Controversial Gentle Wind back in business

Foster's Daily Democrat (NH)/September 1, 2006
By Chloe Johnson

Durham -- The disbanded Gentle Wind Project is back in business with a new website and reorganized leadership.

The group this month settled a lawsuit brought by Maine's attorney general, agreeing to disband their Kittery operation and losing their nonprofit status in Maine.

Gentle Wind, which describes itself as a spiritual healing group, was based in Kittery. Several of its leaders live in Durham, and the group also is registered in New Hampshire.

Gentle Wind's leaders vowed to continue operating elsewhere even as they agreed to dissolve. Mary Miller, the group's past president, this week confirmed the group still offers the "healing instruments" central to Maine's suit.

"There's a lot of people involved in keeping it going," she said.

Gentle Wind said the instruments - principally hand-held laminated cards and plastic pucks - improve emotional, mental, and physical functioning. Maine's AG argued there was no scientific proof to back such claims, calling them fraudulent.

Longtime member Mary Ann Hale, of Bass Harbor, Maine, who signed as Gentle Wind's president on the settlement's consent decree, issued in York County Superior Court on Aug. 10., said she had "no comment."

The group's redesigned website,, lists an address in Sparks, Nev. Miller would not say whether the organization is relocating.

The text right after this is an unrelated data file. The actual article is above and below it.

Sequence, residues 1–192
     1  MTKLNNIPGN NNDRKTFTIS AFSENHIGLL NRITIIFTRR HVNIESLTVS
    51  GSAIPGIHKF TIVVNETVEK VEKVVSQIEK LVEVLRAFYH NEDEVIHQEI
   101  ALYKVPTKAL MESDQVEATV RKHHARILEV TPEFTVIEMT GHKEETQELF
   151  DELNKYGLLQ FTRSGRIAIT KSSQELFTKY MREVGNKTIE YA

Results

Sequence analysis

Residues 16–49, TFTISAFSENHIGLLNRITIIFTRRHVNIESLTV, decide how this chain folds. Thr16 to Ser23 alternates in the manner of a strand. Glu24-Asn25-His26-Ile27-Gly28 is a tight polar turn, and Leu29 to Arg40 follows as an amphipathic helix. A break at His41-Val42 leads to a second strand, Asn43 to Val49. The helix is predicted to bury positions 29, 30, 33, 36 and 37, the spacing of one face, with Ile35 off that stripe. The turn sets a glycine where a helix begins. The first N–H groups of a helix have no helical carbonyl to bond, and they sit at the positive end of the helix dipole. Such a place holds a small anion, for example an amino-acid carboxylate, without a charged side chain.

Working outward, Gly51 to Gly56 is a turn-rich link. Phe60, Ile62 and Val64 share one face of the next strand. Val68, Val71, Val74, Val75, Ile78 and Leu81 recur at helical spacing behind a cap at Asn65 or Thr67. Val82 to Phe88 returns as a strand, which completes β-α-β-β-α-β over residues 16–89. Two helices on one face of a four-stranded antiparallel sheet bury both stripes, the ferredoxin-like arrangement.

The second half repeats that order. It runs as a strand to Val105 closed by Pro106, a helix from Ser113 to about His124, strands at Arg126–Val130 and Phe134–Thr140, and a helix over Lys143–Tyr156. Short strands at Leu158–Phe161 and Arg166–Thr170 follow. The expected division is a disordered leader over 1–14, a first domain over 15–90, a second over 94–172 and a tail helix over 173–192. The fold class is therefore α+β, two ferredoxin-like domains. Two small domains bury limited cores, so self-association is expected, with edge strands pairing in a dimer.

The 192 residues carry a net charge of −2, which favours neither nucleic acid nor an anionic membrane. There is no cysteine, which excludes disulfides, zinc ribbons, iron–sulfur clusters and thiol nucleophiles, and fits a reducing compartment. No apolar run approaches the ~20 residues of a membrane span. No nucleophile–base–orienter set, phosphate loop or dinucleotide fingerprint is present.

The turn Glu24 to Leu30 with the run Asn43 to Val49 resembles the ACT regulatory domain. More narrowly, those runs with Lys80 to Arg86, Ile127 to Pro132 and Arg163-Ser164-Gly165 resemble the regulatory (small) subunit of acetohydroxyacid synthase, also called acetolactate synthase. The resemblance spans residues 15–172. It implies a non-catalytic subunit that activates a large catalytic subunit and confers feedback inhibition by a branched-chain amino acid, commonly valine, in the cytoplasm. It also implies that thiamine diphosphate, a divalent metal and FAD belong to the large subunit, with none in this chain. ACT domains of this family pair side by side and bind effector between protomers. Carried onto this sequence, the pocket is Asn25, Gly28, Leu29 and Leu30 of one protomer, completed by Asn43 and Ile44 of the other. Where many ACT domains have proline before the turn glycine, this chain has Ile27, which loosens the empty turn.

The site says the group is now an "all volunteer" organization.

"We are not a nonprofit nor are we a profit making company," the site says. "We do not accept donations or payment in any form."

The group is suing former followers Jim Bergin and Judy Garvey, of Blue Hill, Maine, alleging defamation.

Bergin and Garvey's website,, details what they say was the more than 15 years they spent as part of the group, which they say was cultlike and practiced mind control.

Miller said this week that the two initiated a "cyber smear campaign" against Gentle Wind.

Garvey has said stories on are written to warn others about the group, which she said conned her into group sex rituals that were to help the leader, John Miller, invent the healing instruments.

"We have a right to talk about our lives and an obligation to tell the truth," Bergin said.

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